Teaching

Theatre History I

Students in Theatre History I perform an end of term project about medieval theatre.

Theatre History II

Students in Theatre History II perform in an end of term project about Brecht.

Gender and Theatre

Students in Gender and Theatre perform in an end of term project about the Takarazuka Revue.

Please click on each course title for more course information.

Theatre History I: Antiquity to Naturalism

This conference is a rigorous investigation into the study and practice of theatre history. It is essential for theatre artists and scholars—from designers to playwrights, from dramaturgs to actors—to have a deep understanding of the origins and developing practices of the craft and profession of theatre, and the evolving arts of playwriting and playmaking throughout history. This course provides that foundation by researching and questioning the act of making theatre from the ancient Greek period through the late 1800s, when today's dominant styles of realism and naturalism began to emerge. Read more...

Theatre History II: Naturalism to Now

Throughout this conference we will investigate the dominant theatre paradigm of the 20th century: realism, with a focus on how the century's many avant-garde theatre artists vigorously challenged it, and in the process altered our understanding of what theatre can be and do. This course is designed to help us develop an understanding of some of the more influential work of such challengers (including playwrights, directors, designers, theorists, and actors) through an examination of their work, and a look at what they were working against. This conference incorporates both theory (theatre historical and dramatic literature approaches), as well as practice (end of term performance projects). Throughout the course, we will continually inquire into the very idea of the "avant-garde(s)", especially as we see them repeatedly become mainstream. Read more...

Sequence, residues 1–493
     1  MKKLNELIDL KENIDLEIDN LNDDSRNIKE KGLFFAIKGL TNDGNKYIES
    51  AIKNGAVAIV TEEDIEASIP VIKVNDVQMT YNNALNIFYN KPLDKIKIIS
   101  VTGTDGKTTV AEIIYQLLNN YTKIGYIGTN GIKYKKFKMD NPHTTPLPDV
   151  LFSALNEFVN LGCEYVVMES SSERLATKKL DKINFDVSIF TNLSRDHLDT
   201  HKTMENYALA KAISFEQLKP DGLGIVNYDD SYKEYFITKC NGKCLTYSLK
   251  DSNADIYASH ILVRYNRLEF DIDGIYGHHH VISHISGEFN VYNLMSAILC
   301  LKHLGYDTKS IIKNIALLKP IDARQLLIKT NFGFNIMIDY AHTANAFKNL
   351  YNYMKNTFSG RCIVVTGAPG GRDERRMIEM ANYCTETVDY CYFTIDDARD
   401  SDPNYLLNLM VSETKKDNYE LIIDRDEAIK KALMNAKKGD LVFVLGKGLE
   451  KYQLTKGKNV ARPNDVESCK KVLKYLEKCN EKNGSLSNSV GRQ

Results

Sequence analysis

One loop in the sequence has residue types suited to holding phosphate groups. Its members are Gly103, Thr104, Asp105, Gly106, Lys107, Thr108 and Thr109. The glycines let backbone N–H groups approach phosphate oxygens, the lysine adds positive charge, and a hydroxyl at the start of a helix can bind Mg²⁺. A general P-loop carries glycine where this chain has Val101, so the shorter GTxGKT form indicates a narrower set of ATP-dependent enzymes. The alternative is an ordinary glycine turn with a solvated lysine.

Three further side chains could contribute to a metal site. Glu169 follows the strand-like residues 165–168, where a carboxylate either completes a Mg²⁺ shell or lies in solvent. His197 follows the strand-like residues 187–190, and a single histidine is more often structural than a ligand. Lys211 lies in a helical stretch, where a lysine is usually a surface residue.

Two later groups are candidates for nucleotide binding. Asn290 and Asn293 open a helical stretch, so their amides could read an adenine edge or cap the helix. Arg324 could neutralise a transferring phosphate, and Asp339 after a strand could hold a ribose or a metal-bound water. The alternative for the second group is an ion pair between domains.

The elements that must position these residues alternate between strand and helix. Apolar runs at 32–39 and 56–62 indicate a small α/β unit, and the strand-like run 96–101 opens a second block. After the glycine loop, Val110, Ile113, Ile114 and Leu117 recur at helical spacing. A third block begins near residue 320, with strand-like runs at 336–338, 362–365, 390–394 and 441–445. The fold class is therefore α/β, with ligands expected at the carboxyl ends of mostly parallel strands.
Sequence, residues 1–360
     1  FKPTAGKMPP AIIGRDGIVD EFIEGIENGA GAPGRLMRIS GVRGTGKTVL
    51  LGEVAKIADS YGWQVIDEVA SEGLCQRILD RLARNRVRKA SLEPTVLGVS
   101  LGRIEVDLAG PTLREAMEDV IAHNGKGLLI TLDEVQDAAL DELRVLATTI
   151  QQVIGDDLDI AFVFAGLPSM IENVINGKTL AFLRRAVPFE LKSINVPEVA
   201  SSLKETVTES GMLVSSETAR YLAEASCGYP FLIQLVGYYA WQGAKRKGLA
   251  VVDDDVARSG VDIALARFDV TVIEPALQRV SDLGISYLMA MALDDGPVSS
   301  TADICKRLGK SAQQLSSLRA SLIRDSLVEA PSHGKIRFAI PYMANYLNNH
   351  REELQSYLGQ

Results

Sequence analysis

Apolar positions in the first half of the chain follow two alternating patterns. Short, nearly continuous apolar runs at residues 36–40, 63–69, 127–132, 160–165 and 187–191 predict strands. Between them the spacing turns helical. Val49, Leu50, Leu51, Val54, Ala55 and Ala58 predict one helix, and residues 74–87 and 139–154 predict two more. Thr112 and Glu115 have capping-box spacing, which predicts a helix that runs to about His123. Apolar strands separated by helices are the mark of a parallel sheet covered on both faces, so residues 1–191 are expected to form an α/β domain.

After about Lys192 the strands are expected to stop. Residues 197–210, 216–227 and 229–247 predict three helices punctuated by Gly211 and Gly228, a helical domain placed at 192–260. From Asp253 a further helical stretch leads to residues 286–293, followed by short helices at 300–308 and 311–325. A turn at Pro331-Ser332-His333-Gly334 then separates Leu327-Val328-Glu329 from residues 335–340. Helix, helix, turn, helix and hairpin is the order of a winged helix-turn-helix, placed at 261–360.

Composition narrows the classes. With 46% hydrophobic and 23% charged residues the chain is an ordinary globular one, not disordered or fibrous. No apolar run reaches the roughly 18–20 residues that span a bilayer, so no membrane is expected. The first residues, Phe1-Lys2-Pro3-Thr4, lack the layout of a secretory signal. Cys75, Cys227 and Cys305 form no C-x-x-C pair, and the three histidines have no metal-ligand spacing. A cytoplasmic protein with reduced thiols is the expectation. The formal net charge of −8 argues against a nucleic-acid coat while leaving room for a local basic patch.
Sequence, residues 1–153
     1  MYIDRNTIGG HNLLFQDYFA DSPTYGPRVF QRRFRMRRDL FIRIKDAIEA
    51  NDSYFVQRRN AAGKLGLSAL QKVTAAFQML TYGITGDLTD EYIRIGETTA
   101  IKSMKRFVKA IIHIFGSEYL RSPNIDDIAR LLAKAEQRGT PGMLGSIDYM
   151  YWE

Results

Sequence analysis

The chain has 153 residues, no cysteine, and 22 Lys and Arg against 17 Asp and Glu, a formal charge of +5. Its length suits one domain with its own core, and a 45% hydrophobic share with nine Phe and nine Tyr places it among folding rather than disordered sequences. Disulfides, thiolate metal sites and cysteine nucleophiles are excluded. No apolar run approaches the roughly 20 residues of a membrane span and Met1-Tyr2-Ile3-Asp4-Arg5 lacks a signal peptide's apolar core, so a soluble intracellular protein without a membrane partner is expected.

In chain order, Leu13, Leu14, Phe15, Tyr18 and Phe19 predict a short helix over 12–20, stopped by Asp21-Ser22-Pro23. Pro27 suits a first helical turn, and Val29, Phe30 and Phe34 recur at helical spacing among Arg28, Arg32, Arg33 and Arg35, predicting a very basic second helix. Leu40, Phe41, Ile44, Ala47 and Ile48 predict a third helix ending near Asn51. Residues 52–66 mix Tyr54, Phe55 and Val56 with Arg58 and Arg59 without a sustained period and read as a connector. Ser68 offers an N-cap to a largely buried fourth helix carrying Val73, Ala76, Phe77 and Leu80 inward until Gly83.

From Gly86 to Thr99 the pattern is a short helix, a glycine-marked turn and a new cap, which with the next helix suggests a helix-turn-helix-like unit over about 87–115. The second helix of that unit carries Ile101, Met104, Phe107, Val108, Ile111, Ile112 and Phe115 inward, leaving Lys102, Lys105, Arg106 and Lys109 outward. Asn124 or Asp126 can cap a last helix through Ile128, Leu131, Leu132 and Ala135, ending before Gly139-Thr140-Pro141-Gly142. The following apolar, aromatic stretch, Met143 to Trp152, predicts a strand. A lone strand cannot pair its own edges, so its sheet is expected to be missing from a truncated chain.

Gender and Theatre

This five-part class examines the roles gender has played in the shaping of world theatre alongside the roles the theatre has played in the shaping of various cultural conceptions of gender. We will focus on 20th and 21st-century performance, most specifically performance from the past forty years, including various examples of cross-dressing, the notable endeavor of "re-dressing" canonical plays, the ascent of solo performance artists and trans* performance, and questions of theatre and gender raised by performers from Japan to Cuba. In the process, we will interrogate the historical, cultural and personal variability of the notion of "gender" itself. In this course, we will talk about theatre through the lens of gender, constantly asking ourselves: "What are theatre people doing with the idea of gender?" Read more...